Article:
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Topic: What do you use for lining?  (Read 978 times)
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CaityBear
« on: November 27, 2010 01:23:55 PM »

So just that. When you have to line a shirt or dress, what do you use??

Right now, for myself, I use a bedsheet. I have needed to line some white fabric since it was sort of see through and all I had at that time was a white bedsheet so that's what I've been using for a while now.
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Britannica
« Reply #1 on: November 27, 2010 06:06:06 PM »

To be honest, I usually don't fully line things. But when I do, I tend to use synthetic linings if the fashion fabric is synthetic and natural fibers if the fashion fabric is natural fibers, though not necessarily of the same type (e.g. lining linen with cotton). But I don't have access to a fabric store very readily, so I don't use special fabrics intended for lining-I just use what I have lying around that I haven't make plans or omit the lining altogether (which is something I probably shouldn't do).
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CaityBear
« Reply #2 on: November 27, 2010 06:38:10 PM »

The only fabric store I have access to right now is EXPENSIVE as crap. I usually use what's around, which is why I started with bedsheets. I don't usually line but I'm trying to so my clothes look nicer.
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N30Nb100d
« Reply #3 on: November 27, 2010 07:40:23 PM »

For me it's kind of, personal preference plus what works for a specific garment. I prefer cotton linings because they feel nicer than the actual lining fabric so that's what I usually use (and I use bedsheets a lot too, nice thin cotton), but if I was making something that I know needs to slip and slide easily either on me or on any undergarments it goes with, then I would use actual lining fabric because it's slippery. Britannica makes a good point too about matching natural and synthetic fabrics.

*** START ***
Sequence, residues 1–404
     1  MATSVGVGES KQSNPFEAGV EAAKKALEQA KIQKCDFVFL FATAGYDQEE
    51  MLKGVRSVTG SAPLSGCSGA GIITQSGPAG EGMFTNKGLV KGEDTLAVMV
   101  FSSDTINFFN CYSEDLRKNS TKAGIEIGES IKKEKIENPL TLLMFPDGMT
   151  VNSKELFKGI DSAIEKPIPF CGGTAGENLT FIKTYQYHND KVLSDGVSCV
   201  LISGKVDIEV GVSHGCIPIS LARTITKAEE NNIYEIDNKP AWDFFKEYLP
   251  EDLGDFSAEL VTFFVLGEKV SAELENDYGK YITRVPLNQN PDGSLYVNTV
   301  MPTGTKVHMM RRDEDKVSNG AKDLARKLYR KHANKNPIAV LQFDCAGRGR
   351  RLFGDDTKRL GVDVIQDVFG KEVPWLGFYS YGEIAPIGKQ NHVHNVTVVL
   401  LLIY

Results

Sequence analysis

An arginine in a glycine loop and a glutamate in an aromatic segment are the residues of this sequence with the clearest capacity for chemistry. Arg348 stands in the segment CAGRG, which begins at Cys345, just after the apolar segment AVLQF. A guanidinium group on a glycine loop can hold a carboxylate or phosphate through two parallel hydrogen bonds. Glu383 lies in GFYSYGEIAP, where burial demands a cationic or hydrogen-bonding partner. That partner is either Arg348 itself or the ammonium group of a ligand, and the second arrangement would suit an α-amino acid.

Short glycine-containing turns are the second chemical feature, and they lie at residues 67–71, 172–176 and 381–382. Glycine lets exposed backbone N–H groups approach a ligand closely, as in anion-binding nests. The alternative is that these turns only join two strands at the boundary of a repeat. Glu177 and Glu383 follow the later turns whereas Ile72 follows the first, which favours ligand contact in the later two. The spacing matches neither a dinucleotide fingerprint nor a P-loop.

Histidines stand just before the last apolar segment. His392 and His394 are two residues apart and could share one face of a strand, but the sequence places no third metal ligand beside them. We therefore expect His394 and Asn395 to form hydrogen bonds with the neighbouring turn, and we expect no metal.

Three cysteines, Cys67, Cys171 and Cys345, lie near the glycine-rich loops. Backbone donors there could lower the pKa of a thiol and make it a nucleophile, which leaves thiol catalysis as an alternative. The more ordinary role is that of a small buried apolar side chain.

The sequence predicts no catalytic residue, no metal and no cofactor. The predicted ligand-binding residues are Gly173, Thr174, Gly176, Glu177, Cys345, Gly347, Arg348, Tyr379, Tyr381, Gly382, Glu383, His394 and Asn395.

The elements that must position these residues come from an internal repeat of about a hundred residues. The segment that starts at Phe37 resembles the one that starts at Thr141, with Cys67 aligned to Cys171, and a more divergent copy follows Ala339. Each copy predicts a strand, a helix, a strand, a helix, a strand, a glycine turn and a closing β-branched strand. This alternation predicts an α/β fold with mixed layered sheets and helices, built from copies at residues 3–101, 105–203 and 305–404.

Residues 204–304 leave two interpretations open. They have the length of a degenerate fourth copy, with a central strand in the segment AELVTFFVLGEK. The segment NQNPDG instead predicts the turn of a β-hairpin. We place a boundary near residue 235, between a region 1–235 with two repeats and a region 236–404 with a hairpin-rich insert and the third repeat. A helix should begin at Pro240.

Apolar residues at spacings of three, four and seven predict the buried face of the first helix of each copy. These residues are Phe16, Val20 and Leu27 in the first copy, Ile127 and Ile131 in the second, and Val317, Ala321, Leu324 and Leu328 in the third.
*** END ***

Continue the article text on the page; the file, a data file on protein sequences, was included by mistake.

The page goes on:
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marieC
« Reply #4 on: November 28, 2010 07:20:05 PM »

You could try thrifting your lining fabrics.  Lord knows there's a lot of polyester at the thrift store waiting for someone to put it to better use than the 70s did.  Wash it in hot water and it's good to go.

I line my skirts and dresses in the synthetic stuff Hancock carries because it allows the skirt material to swing freely.  That and the silks are too expensive.
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A state of confusion is unpleasant, but a state of certainty is ridiculous.  - Voltaire.
x46
« Reply #5 on: November 30, 2010 09:55:32 PM »

I use the polyester lining from the fabric store mostly.  Sometimes I use Bemberg if/when I can find it.  And sometimes, I use a printed polyester that's blouse weight, esp if I'm making a jacket and lining it with the print, too.  I've used cotton to line dresses, and I find it hot and hard to press, but that was 100% cotton, not polycotton blend.
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N30Nb100d
« Reply #6 on: December 02, 2010 12:27:09 PM »

I use the polyester lining from the fabric store mostly.  Sometimes I use Bemberg if/when I can find it.  And sometimes, I use a printed polyester that's blouse weight, esp if I'm making a jacket and lining it with the print, too.  I've used cotton to line dresses, and I find it hot and hard to press, but that was 100% cotton, not polycotton blend.

You made me think about this and I realize most of my linings have been poly-cotton blend because most of my sheets have been that. I said cotton earlier but I think my brain just goes sheets = cotton. Poly cotton blend is easier to press than cotton but still breathable, while full poly isn't really. It's worked out very well for all my linings at least!
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mouse123
« Reply #7 on: December 12, 2010 01:42:36 PM »

I usually use either broadcloth or an old bedsheet for lining.  However, I find that when these are used for lining skirts, they cling and bunch a bit when I walk.  In that case, the polyester lining fabrics would have the advantage!
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